Tuesday, July 10, 2012

It was a full day in Indianapolis and the 77th General Convention of the Episcopal Church.

First of all, Dr. Anita P. George, of Church of the Resurrection, Starkville, was elected to the Executive Council of the Episcopal Church (the wider church's "vestry") on the first ballot this afternoon.  She was the recipient of the second highest number of votes of six people elected to full six-year terms -- and of 15 total candidates.  Anita will be serving a full term after having completed an unexpired term.

Secondly, the House of Deputies approved the Structure Committee's recommended omnibus church reorganization resolution unamended and without dissent this afternoon.  It was a stunning development and gave me, as a Structure Committee member, a great deal of pride.  Please see my blog from yesterday to understand the various aspects of this resolution.

Third, the House of Deputies today elected the Reverend Gay Jennings of the Diocese of Ohio as the new President of the House of Deputies.  Gay was chair of the Structure Committee and did an excellent job of guiding the committee through the challenging issues.  Gay was one of the first church leaders to travel to the Coast in the days after Katrina and worked with clergy in responding to the needs of the devastated communities.  She was also one of the principal architects of the "Weathering the Storm" conference for clergy impacted by Katrina and their families in the months after the storm.  Her brother-in-law is a resident of Wiggins, Mississippi.  In the voting between three candidates, Gay had a majority of five votes on the first ballot.

We were also aware that one of the "hot button" issues would be considered this afternoon -- the provisional use of same sex blessing liturgies on a local option basis.  We had a wonderful and gracious meeting of the Mississippi deputation at lunch today (we meet each day for lunch) and it helped us prepare for the discussion which we knew was coming.  Bishop Gray provided his usual dose of wisdom and depth to the deputies.  We have also been blessed to have Linda Nelson, former Mississippian, church consultant, and director of Advent Retreat House in New Orleans, with us for the end of Convention. It was a fruitful discussion.

 Let me assure you: Whatever you have read in the secular press  about the approval of the blessings has been oversimplified and mischaracterized. Yes, the church did approve liturgical texts for provisional use in the blessing of same sex relationships. Yes, this is the first time the church has offered such resources. Yes, there is educational information which has been developed and provided for use in congregational discussions.

It is also local option, i.e., permission of the diocesan Bishop is necessary. It is true that "unofficial" liturgies have been used in many dioceses over the last several years. No, the rite is not "marriage" -- the church still defines marriage as between a man and woman.  It is the "blessing of a lifelong covenant relationship."  It is a resource for dioceses and congregations which have been moving in this direction, or has been allowing blessings, for several years.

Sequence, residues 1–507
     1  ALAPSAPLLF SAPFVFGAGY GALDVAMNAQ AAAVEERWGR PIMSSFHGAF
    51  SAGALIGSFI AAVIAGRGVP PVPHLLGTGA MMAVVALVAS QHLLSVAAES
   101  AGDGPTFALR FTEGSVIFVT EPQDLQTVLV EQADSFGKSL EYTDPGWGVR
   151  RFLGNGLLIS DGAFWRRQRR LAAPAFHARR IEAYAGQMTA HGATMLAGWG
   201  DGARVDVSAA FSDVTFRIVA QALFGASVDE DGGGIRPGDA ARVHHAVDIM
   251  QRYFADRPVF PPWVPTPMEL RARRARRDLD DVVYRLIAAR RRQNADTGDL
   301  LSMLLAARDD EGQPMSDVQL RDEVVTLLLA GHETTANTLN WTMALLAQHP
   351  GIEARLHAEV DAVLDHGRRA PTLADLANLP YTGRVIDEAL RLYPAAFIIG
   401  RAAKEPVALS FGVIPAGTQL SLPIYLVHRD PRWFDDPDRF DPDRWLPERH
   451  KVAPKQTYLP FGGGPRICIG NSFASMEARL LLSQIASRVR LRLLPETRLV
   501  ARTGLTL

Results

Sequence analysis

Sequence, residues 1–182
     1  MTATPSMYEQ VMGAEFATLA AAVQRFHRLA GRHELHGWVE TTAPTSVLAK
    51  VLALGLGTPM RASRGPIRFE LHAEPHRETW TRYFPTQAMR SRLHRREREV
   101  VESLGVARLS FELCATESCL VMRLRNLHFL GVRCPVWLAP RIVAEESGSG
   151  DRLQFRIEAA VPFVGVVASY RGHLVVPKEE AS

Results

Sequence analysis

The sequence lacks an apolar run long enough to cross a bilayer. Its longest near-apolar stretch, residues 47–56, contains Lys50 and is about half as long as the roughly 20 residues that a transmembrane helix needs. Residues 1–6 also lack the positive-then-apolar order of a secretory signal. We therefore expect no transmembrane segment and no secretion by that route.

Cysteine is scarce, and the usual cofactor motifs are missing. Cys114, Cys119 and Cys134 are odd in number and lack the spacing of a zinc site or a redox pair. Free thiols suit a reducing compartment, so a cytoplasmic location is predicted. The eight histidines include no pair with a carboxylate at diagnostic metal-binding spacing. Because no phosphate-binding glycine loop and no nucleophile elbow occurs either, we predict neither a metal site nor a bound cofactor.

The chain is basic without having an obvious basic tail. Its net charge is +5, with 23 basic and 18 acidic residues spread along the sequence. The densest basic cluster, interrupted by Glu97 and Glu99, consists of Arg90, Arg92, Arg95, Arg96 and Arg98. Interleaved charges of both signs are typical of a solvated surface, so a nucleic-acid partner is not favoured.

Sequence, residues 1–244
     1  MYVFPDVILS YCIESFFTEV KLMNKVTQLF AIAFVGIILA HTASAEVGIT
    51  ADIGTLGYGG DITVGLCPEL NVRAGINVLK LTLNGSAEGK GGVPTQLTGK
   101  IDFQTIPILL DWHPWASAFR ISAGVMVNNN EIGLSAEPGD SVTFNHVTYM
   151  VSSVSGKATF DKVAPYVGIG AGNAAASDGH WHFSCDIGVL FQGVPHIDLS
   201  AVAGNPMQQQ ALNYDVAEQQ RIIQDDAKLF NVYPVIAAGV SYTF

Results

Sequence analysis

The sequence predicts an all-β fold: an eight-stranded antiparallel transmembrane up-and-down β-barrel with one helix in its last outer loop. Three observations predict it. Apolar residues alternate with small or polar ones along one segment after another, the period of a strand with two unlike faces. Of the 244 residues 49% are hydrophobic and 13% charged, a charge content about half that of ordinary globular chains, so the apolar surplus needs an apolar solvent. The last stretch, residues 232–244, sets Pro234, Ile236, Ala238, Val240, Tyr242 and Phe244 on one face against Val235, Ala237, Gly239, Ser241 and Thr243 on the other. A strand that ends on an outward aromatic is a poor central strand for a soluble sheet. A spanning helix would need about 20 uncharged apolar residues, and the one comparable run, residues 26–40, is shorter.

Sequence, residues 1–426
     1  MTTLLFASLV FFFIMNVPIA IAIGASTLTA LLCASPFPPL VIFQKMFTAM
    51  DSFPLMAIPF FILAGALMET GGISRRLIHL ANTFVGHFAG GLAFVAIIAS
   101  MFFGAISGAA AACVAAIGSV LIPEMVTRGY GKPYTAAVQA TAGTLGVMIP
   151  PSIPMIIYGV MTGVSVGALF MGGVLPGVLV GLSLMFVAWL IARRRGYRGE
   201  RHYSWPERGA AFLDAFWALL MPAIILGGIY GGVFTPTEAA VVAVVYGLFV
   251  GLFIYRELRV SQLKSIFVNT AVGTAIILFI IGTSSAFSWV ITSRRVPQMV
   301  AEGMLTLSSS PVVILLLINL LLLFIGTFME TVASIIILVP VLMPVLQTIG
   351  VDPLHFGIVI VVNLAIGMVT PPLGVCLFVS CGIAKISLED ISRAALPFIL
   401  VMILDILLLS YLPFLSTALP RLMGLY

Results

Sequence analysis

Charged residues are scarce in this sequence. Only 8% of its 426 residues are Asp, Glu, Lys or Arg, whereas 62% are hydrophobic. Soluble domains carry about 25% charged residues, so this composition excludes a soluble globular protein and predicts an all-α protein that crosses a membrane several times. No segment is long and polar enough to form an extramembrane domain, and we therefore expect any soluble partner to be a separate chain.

Bishop Gray has said for the past year or so that the church has been heading in this direction. He had said at diocesan council this year that Convention would take this step.  This development should surprise no one.

Bishop Stacy Sauls, former Bishop of Lexington, has said that the provision for blessings is a "pastoral exception" to our usual understanding of marriage in order to minister to the needs of people in the church.  He has compared this "pastoral exception" to the provisions made for divorce by the Church in the early 1970s. 

At any rate, the vote passed with a 78 percent majority among lay deputies and by a 76 percent majority among the clergy. Because of those factors listed above -- as well as others -- I voted for the rite's approval.  There is a "conscience clause" for differing and dissenting bishops and clergy within the canonical change, so there will be no forced compliance.  This "conscience clause" is different from the one offered with the advent of women's ordination because it is more than a "gentleman's agreement" -- the "conscience clause" is included within the canons of the church.

One of the remarkable elements of convention is the sense of Christian community which exists among the widely varying perspectives.  We discuss, debate, listen and differ in committee meetings and on the floor of the House of Deputies.  But we do so respectfully, honoring one another in the process.  And in good Episcopal practice, we come together daily to hear the Word proclaimed, to say our prayers,  to break the bread and to drink the wine. Just as we are...

This church is a wide, expansive and gracious body. But no more so than the love of the risen Christ we proclaim as Lord of Life.  Despite tendencies to stereotype folks we do not know, understand, and from whom we differ, every person I have encountered here is a faithful, devoted and loving follower of Jesus Christ.

To be a part of this deputation and this convention is a blessing.

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